"Uncertainty is an uncomfortable position. But certainty is an absurd one."
In his Philosophical Essay on Probabilities Pierre-Simon Laplace writes:
We ought then to regard the present state of the universe as the effect of its anterior state and as the cause of the one which is to follow. Given for one instant an intelligence which could comprehend all the forces by which nature is animated and the respective situation of the beings who compose it an intelligence sufficiently vast to submit these data to analysis it would embrace in the same formula the movements of the greatest bodies of the universe and those of the lightest atom; for it, nothing would be uncertain and the future, as the past, would be present to its eyes.
Later on this became to be labeled Laplace's demon. Such a deterministic approach to understand how the world works is not possible because we lack the capacity and the instruments for such an endeavor. In the preface of his book Understanding Uncertainty Dennis Lindley writes:
This following quote is from a 2016 NEJM article:
There are some things that you, the reader of this preface, know to be true, and others that you know to be false; yet, despite this extensive knowledge that you have, there remain many things whose truth or falsity is not known to you. We say that you are uncertain about them. You are uncertain, to varying degrees, about everything in the future; much of the past is hidden from you; and there is a lot of the present about which you do not have full information. Uncertainty is everywhere and you cannot escape from it.
In medicine today, uncertainty is generally suppressed and ignored, consciously and subconsciously. Its suppression makes intuitive sense: being uncertain instills a sense of vulnerability in us — a sense of fear about what lies ahead. It is unsettling and makes us crave black-and-white zones, to escape this gray-scale space. Our protocols and checklists emphasize the black-and-white aspects of medicine. Doctors often fear that by expressing uncertainty, they will project ignorance to patients and colleagues, so they internalize and mask it. We are still strongly influenced by a rationalist tradition that seeks to provide a world of apparent security.
Our curricula should recognize diagnosis as dynamic and evolving — an iterative process that accounts for multiple, changing perspectives. We can speak about “hypotheses” rather than “diagnoses,” thereby changing the expectations of both patients and physicians and facilitating a shift in culture. This shift may entail discussing uncertainty directly with patients, intentionally reflecting on its origins — subjectivity in the illness narrative, diagnostic sensitivity and specificity, unpredictability of treatment outcomes, and our own hidden assumptions and unconscious biases, to name a few. We can then teach physicians specifically how to communicate scientific uncertainty, which is essential if patients are to truly share in decision making, and we can reduce everyone’s discomfort by reframing uncertainty as a surmountable challenge rather than as a threat.
We don't have the capacity of knowing the past or predicting the world in a deterministic sense, but we can use devices to learn of different possibilities under uncertainty. In his fictional short story The Garden of Forking Paths Jorge Luis Borges writes:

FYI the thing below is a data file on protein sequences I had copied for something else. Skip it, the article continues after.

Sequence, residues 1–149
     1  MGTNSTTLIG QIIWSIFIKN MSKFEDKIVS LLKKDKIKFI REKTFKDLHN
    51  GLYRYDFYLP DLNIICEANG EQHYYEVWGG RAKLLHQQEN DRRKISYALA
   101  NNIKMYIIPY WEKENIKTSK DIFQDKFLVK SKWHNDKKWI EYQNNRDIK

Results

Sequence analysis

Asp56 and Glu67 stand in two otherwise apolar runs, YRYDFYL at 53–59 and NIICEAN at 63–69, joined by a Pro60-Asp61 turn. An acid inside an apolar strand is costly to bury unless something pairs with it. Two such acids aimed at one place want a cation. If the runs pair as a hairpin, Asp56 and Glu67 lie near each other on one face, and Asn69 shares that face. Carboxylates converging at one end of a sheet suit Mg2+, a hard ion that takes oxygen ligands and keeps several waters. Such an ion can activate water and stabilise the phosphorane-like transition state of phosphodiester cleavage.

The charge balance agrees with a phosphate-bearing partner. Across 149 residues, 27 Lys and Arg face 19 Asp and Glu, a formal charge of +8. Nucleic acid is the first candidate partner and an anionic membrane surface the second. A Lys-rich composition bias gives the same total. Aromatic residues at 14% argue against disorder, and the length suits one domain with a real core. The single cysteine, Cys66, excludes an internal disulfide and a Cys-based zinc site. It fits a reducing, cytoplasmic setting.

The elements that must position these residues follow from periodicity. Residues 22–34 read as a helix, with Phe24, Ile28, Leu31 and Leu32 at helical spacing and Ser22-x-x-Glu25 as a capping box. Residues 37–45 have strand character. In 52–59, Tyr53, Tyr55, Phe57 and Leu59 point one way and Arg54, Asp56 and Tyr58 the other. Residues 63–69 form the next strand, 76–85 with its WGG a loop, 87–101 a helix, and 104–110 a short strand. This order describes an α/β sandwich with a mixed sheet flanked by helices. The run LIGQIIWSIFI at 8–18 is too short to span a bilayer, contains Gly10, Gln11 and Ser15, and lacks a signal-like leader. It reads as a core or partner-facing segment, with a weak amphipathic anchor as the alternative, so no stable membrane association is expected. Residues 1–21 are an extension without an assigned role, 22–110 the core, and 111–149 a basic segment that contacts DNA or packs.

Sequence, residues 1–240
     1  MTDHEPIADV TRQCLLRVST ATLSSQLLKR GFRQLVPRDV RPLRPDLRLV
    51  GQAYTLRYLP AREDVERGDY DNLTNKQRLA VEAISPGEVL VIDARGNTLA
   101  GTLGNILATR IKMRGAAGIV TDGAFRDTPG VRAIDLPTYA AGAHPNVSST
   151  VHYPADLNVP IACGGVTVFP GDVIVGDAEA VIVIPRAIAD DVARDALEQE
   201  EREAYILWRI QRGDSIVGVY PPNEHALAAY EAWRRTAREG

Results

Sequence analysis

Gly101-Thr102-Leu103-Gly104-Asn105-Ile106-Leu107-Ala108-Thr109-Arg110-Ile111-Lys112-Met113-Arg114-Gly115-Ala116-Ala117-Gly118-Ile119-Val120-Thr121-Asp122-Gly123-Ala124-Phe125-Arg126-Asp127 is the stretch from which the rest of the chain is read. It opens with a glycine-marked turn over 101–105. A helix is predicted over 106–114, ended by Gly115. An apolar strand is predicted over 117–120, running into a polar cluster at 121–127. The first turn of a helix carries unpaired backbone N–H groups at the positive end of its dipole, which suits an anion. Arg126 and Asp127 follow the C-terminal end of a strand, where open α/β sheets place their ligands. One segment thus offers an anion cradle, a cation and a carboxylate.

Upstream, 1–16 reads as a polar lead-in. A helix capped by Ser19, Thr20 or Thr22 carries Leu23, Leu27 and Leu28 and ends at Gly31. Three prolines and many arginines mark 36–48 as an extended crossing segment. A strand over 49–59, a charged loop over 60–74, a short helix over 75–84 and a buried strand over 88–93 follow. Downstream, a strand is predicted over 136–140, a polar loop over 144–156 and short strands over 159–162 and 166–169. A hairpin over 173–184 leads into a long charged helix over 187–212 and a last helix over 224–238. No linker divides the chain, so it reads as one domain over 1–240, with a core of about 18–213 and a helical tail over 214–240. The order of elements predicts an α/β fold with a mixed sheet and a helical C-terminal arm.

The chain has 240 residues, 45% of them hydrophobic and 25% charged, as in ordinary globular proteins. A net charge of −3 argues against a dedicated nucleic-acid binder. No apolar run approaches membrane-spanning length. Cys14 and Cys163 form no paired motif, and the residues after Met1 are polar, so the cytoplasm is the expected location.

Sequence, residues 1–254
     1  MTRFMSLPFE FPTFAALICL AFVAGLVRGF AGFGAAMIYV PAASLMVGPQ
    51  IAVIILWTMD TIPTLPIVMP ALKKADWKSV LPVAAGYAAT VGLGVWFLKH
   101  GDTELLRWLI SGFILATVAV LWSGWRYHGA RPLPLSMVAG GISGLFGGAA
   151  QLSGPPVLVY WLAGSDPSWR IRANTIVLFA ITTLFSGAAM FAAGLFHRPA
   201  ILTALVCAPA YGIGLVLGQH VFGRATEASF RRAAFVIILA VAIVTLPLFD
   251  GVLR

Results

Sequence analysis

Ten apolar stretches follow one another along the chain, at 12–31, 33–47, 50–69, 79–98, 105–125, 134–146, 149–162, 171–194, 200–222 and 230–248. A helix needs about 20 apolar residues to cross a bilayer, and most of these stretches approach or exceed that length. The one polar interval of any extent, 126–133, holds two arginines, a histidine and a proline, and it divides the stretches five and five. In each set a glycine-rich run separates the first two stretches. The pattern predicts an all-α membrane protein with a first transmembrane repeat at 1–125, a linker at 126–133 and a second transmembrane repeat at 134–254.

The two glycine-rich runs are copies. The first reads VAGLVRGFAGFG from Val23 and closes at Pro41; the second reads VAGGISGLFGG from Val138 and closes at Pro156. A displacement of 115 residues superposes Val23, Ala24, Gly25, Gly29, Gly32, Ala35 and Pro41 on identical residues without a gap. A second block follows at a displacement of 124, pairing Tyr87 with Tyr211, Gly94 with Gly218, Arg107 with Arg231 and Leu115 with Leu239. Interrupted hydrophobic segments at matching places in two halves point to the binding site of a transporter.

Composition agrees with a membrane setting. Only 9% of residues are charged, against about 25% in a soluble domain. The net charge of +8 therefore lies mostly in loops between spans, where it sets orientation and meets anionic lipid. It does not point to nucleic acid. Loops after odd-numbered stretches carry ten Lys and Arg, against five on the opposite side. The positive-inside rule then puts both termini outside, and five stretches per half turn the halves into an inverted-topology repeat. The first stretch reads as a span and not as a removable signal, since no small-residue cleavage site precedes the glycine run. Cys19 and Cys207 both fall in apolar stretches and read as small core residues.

I lingered, naturally, on the sentence: I leave to the various futures (not to all) my garden of forking paths. Almost instantly, I understood: ‘the garden of forking paths’ was the chaotic novel; the phrase ‘the various futures (not to all)’ suggested to me the forking in time, not in space. A broad rereading of the work confirmed the theory. In all fictional works, each time a man is confronted with several alternatives, he chooses one and eliminates the others in the fiction of Ts’ui Pên, he chooses—simultaneously—all of them. He creates, in this way, diverse futures, diverse times which themselves also proliferate and fork.
The Garden of Forking Paths is an incomplete, but not false, image of the universe as Ts’ui Pên conceived it. In contrast to Newton and Schopenhauer, your ancestor did not believe in a uniform, absolute time. He believed in an infinite series of times, in a growing, dizzying net of divergent, convergent and parallel times. This network of times which approached one another, forked, broke off, or were unaware of one another for centuries, embraces all possibilities of time. We do not exist in the majority of these times; in some you exist, and not I; in others I, and not you; in others, both of us. In the present one, which a favorable fate has granted me, you have arrived at my house; in another, while crossing the garden, you found me dead; in still another, I utter these same words, but I am a mistake, a ghost.”
“In every one,” I pronounced, not without a tremble to my voice, “I am grateful to you and revere you for your re-creation of the garden of Ts’ui Pên.”
“Not in all,” he murmured with a smile. “Time forks perpetually toward innumerable futures. In one of them I am your enemy.”
Bottom line is that we don't have the capabilities to be Laplace's demons, so it's important to take uncertainty into account and acknowledge it for what it is. It represents part of our cognitive limitations and that's why multiple paths should be considered and studied in depth. It is very discomforting when I see deterministic conclusions based on one or only a few scientific studies, sometimes not even on any studies at all. Also troubling is not taking into account the study's methodology, the statistical procedures, or disregarding how the community behaves in its research practices. There's more to uncertainty than just feeling uncertain.